St Albans conducts huge write-in campaign to rescue Christmas Festival from NIMBYs

PUBLISHED: 10:00 29 November 2018 | UPDATED: 14:58 04 December 2018

A small group of residents are attempting to prevent the Meraki Christmas Festival.

A small group of residents are attempting to prevent the Meraki Christmas Festival.

©famveldman -

St Albans people eagerly awaiting this year’s Meraki Christmas Festival have conducted a massive write-in campaign to support the event.

St Albans district council has received 79 letters of support for the festival since a change in venue was announced last week.

One reads: “[I am] excited by the prospect of the Meraki Christmas festival, [as I] enjoyed the summer festival which was very well-run and friendly.

“This could be just what St Albans needs as a destination for people to come and spend money.”

Another says: “We have three small children so we really wanted to be able to take them to a Christmas festival to visit Santa and go ice skating.

“Travelling into London with small children is very difficult with small children and we were really excited about the idea of this being at the park and somewhere we could easily walk to and visit after school.”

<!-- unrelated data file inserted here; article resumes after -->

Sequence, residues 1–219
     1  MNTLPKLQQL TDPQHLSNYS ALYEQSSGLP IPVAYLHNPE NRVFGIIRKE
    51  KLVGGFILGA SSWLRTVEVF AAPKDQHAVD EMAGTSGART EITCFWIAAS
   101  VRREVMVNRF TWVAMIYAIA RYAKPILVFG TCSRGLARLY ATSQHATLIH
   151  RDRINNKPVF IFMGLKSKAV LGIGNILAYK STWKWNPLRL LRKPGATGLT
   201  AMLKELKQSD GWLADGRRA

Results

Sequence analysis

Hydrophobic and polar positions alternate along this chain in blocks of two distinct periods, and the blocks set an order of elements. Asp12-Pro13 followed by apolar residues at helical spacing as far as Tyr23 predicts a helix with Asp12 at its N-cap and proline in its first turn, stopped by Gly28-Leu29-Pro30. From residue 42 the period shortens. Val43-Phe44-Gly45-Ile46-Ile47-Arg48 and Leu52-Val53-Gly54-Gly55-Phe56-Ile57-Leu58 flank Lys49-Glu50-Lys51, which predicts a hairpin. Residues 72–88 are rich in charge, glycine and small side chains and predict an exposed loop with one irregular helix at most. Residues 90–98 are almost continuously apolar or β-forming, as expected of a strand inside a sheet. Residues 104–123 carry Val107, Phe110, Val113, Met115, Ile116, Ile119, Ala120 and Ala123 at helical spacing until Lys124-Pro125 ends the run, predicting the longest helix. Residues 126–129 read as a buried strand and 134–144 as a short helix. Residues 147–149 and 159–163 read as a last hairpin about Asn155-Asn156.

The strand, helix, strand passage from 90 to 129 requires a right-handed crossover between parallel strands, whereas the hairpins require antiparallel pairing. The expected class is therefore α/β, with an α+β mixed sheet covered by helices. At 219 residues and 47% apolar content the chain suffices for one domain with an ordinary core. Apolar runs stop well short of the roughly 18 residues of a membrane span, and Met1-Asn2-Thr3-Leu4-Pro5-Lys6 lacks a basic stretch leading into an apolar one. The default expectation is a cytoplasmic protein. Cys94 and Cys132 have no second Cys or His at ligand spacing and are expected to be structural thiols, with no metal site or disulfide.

Festival organisers had to split the festival across the Herts County Showground between November 30 and December 6, Verulamium Park between December 8 and December 22, and the Vintry Garden between November 30 and December 22.

This was after a clique of residents living around Verulamium Park brought in lawyers to prevent the Festival from going ahead as planned.

One letter writer gave short shrift to the protestors: “ [I am] appalled to find out that due to a few complaints the council have made a decision not to have the festival in the planned location for the first week.”

The letters were included in the agenda for next Thursday’s meeting of St Albans district council’s planning referrals committee.

Officers have recommended granting conditional planning permission to holding the Vintry Garden event, and so far only around 50 letters objecting to the festival have been received.

Among them, one reads: “[The festival] will pose a threat to the wildlife in the area as well as diminish the quality of life for families and elderly who use the park for quiet recreation.”

Another says: “[The district council] should support a more traditional Christmas Market without a music tent and strict opening hours, which ceases at 8pm at the latest, to avoid disturbing children’s sleep.”

To see the application, visit

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I should probably have taken the hint! Walking out into the garden recently an unprecedented flock of thirty or more crows raucously greeted me from the treetops at the bottom of my garden. Cawing and croaking these big, black birds clung clumsily to the top most branches and twigs, jostling and flapping to stay balanced in a constant flurry of feathers. There is always something ominous about crows – they are after all carrion crows, the vultures of the bird world – always watching for scraps and weakness that might mean their next meal.

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